During the ninth month of the Islamic calendar, Muslims around the world celebrate Ramadan, a holy month of spiritual reflection, fasting, and sacrifice.
If you're celebrating with kids, here is some Ramadan information to share, along with a few ideas for involving your children in the experience of the holiday.
During Ramadan, people of Islamic faith fast during daylight hours. They usually wake up before sunrise for a small meal and then do not eat again until the sun sets at night. The word "Ramadan" itself comes from the root word of ramdhaa, which means "the intense heat of the sun," according to Muslim Matters.
Islamic law states that children who have not yet reached puberty aren't required to observe fasting. Some families have their children participate in the fast anyway or they find other ways to teach their kids about devotion, generosity, goodwill, and self-control.
After 30 days of sacrifice, Muslims hold a three-day celebration of fast-breaking called Eid al-Fitr. Oftentimes, Muslim kids receive gifts and indulge in treats during that festival.
Whether your family decides to have your children participate in the fast, do semi-fasts or not fast at all, here are some other ways for kids to honor Ramadan:
Read Children's Books About Ramadan
Middle Eastern Cooking Expert, Saad Fayed, recommends five Ramadan books for kids (ages 4-8), including My First Ramadan by Karen Katz and Celebrating Ramadan by Diane Hoyt-Goldsmith (for older kids).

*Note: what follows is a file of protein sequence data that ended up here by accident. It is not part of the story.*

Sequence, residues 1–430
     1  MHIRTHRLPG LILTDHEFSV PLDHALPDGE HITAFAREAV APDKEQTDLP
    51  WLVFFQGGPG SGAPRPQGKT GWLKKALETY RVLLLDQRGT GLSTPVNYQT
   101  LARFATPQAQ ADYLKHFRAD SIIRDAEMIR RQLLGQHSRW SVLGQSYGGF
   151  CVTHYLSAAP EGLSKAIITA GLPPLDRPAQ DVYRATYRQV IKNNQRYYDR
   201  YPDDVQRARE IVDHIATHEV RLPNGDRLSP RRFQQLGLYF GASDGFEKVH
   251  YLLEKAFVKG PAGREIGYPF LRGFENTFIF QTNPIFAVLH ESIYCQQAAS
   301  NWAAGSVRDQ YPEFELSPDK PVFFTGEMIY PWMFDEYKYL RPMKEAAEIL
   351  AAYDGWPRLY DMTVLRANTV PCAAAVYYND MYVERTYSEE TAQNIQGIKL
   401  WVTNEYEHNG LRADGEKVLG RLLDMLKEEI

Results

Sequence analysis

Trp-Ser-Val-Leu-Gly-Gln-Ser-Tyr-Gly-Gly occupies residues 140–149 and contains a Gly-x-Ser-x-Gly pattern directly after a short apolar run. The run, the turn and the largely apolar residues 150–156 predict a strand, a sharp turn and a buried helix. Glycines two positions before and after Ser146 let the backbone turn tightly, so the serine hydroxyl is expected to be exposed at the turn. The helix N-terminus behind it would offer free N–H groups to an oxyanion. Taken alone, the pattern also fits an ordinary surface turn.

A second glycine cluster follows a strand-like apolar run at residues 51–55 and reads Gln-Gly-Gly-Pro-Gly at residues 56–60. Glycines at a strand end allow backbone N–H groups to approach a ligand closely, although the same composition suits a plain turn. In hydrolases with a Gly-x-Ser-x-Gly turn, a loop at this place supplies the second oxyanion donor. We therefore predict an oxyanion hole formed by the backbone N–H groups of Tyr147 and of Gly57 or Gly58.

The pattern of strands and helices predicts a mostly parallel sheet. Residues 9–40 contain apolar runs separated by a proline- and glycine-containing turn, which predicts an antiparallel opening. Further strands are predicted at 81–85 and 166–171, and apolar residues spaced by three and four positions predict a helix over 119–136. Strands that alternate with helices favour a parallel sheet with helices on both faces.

Decorate Your Home for Ramadan
Muslim families sometimes decorate their homes with stars and crescent moons during Ramadan and Eid al-Fitr. You could hang paper versions of these celestial beings around the home, or hang white twinkly lights in your kids' rooms.
Help build excitement for Eid al-Fitr by displaying a countdown to the festival in your home. Each day, the kids could add or cross off a number from the calendar as Ramadan progresses.
Teach Your Child Appropriate Ramadan Greetings
During Ramadan, Muslim faithful greet one other by saying, "Ramadan Mubarak." This greeting, which means "blessed Ramadan," is just one traditional way that people welcome friends and passersby alike during this holy time. Teach your children this and other Ramadan greetings they can use.
Involve Your Children in the Preparations
Ask your kids to help you make the meal each night during Ramadan. Saad Fayed provides these recipes for traditional Ramadan food that you and your children can prepare together.
Make Ramadan Inspired Crafts
Here are some crafts you can make with your kids in honor of Ramadan:
Ramadan coloring pages:
Halfway through Ramadan, Muslim kids often dress up in costumes or traditional clothes and go door to door collecting candy and money from friends and neighbors. The celebration is called Girgian, which means "mixture of things."
Enjoy a Festive and Fun Eid Al-Fitr
Here are some ways to celebrate:
- Paint henna on your kids' hands.
- Give the gifts of clothes, toys or money.
- Exchange handmade cards and presents.
- Decorate your home in a festive way, such as with banners and balloons.
- Host a picnic or backyard barbecue.
- Attend a fireworks celebration or light off small fireworks outside your home, if it's legal in your area.
However your family chooses to celebrate Ramadan, Kul 'am wa enta bi-khair!